UP hydrogeologists use isotopes to pinpoint root of Hartbeespoort Dam’s water hyacinth problem

For years now, invasive water hyacinth plants have clogged up the North West’s Hartbeespoort Dam, which lies downstream from Pretoria and Johannesburg. In new research, hydrogeologists from the University of Pretoria (UP) have used the internal workings of the plants themselves to reiterate that the infestation is fueled by below-par sewerage works and inadequate sanitation facilities for informal settlements upstream.  

The study, by Ryno Germishuys, a MSc student in Hydrogeology at UP, and his supervisor, Dr Roger Diamond of the UP Department of Geology, was published in the South African Journal of Science. It supports previous findings that the poor water quality of the Hartbeespoort Reservoir is mainly caused by effluent from sewage works, mainly those servicing Johannesburg.

According to Dr Diamond, water hyacinth (Eichhornia crassipes) is “the number one water weed in the world.” The plant aggressively infests water bodies and negatively impacts water quality.

“Water quality in the Hartbeespoort Reservoir has been a problem for many decades,” adds Germishuys. “It causes excessive growth of algae and water hyacinth, both of which further degrade water quality, impact indigenous plants and fish, and can be a health hazards to recreational users such as fishermen and skiers.”

Other researchers have shown that despite ongoing efforts to curb the inflow of contaminated water rich in phosphorus and nitrates from industrial sources and mines, the dam’s water-quality problems, including algal blooms, are still dire. Many water quality parameters exceed irrigation guidelines.

Germishuys collected plant and water samples from the dam itself, and from the inflowing Crocodile River and nearby boreholes. The dam’s surface water was found to contain high volumes of faecal bacteria such as Escherichia coli (E.coli) that are typically found in mammal and bird waste and untreated sewage. When people drink such contaminated water, they can experience severe diarrhoea.

Germishuys also conducted a nitrogen isotope-related analysis of the plant material. His results indicate that human faeces and manure, rather than industrial or agricultural causes, are currently the major sources of large volumes of growth-stimulating nitrogen still flowing into the dam. This is worrying because the build-up of nitrogen and other nutrients in water causes eutrophication, which depletes oxygen levels and impacts lifeforms such as fish and plants.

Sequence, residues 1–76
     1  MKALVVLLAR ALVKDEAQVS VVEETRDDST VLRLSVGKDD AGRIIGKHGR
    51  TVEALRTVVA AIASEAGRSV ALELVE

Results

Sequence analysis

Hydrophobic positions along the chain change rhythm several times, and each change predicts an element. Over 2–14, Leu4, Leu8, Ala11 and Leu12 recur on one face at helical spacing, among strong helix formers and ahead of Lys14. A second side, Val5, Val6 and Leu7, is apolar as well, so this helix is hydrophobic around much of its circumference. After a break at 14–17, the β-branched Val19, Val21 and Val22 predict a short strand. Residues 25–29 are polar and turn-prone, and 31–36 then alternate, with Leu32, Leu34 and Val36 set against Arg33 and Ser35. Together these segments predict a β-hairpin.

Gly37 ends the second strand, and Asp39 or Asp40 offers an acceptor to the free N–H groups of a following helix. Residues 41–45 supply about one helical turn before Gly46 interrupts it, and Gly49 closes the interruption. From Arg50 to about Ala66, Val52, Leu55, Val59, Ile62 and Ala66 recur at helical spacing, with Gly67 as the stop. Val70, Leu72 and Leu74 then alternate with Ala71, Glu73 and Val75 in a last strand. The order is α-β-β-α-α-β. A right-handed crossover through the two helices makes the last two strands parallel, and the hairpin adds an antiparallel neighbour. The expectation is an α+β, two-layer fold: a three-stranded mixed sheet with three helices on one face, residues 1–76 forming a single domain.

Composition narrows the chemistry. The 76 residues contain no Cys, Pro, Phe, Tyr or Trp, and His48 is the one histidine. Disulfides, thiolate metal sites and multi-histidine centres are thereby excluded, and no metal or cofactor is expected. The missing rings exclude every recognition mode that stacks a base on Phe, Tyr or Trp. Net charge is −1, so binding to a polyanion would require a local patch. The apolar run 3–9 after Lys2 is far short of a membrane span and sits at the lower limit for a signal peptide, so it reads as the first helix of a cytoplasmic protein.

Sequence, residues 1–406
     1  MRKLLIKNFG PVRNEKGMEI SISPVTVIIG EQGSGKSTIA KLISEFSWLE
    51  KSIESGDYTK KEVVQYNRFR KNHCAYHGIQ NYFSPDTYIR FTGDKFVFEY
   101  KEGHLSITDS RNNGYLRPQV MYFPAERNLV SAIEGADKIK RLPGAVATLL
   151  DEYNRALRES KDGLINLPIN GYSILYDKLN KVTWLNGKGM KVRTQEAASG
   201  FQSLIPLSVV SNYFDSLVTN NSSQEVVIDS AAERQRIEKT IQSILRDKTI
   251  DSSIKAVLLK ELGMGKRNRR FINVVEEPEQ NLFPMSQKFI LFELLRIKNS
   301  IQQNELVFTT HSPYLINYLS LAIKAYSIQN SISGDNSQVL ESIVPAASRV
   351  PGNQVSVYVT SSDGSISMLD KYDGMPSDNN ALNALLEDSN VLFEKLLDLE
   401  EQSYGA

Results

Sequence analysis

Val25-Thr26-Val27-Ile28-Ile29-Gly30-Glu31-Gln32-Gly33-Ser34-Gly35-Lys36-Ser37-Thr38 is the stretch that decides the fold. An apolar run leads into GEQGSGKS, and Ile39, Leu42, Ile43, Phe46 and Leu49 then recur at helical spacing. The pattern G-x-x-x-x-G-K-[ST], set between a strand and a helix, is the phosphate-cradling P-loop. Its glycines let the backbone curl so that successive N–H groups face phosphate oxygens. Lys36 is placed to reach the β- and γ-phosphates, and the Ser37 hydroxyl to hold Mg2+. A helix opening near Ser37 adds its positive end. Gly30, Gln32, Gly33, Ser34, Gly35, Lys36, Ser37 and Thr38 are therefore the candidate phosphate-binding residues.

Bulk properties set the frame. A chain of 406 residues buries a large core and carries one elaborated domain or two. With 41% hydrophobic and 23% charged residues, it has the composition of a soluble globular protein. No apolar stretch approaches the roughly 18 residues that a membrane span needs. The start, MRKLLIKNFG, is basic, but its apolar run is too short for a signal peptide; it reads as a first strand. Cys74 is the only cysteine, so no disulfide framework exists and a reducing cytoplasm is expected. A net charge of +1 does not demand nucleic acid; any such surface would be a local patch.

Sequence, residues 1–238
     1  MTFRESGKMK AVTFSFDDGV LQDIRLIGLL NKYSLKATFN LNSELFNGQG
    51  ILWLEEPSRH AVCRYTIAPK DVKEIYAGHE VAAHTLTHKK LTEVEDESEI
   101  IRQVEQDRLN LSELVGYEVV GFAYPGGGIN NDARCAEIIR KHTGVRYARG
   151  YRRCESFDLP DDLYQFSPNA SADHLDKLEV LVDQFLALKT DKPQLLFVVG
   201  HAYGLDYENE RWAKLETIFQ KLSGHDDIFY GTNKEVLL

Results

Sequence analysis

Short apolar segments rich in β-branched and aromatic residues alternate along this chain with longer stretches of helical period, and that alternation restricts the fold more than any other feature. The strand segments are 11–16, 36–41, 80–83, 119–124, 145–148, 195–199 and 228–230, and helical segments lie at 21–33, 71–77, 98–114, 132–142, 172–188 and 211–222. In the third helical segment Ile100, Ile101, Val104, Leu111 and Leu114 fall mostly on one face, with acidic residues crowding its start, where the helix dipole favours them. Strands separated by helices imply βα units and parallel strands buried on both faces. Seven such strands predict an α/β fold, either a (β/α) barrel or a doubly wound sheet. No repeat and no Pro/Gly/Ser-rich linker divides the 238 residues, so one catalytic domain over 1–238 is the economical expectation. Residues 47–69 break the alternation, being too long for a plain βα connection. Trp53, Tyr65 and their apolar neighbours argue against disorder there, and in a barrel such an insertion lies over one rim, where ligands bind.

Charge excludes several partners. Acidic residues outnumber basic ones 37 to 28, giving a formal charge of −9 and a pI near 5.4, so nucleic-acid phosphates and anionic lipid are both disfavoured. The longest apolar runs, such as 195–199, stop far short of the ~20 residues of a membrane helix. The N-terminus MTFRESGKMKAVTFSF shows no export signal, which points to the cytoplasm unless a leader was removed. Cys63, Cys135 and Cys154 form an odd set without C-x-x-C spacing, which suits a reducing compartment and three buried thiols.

According to Dr Diamond, Germishuys’ study is the first to use nitrogen isotopes in plants to trace the source of water pollution in South Africa. “Water hyacinth as problem plants have been studied widely across the world. Ryno’s study is possibly the first to use the plants themselves to pinpoint what is causing their excessive growth.”

At one stage hyacinths covered almost 80% of the surface of the Hartbeespoort Dam. The floating mats of plants stop sunlight from penetrating into the water around the shoreline and destroy existing water plants growing there. It has a negative impact on indigenous fish species and causes plant debris to build up on the dam floor. Over the years, efforts to physically remove the plants or use chemicals proved futile.

Germishuys says the recent release of weevils by the Centre for Biological Control (CBC) at Rhodes University has reduced the area covered by water hyacinth to below 5%, some of the lowest levels in a long time. “Results seem very promising, but continuous work and control is needed to keep the hyacinth in check and to prevent them from spreading rampantly again.”

Dr Diamond believes such efforts are like “putting a plaster on a wound”, as they do not address the root of the water-quality problem: sanitation upstream. He says the dam water’s high nitrate levels must be fixed before any real headway can be made in successfully controlling the water hyacinth.

“The only way to really control Hartbeespoort’s water hyacinth problem is to maintain, upgrade, and expand municipal sewage treatment works, and to supply better sanitation facilities to informal settlements in the Crocodile River.” He notes that the sewage issue is more than just a “toilet water” problem, as soapy water that was used for baths, showers, and washing also contain high volumes of nitrates. “Water users can help too, by using less water or recycling it. Often our existing sewerage works simply cannot handle the large volumes of water coming in to be cleaned.”

Click on the next page to learn more about water hyacinths, the Hartebeespoort Reservoir and isotopes. 

Quick facts on water hyacinths, Hartebeespoort Reservoir, and isotopes

More about water hyacinths (Eichhornia crassipes):

  • This floating freshwater plant originally came from South America. It is an aggressive invader in warm regions.  
  • Since being introduced to South Africa about 100 years ago as an ornamental garden plant, it has become a well-established weed in many waterways.
  • Water hyacinth prefers warm, nutrient-rich water. The higher the concentration of nitrogen the water contains, the more vigorously the plants will grow.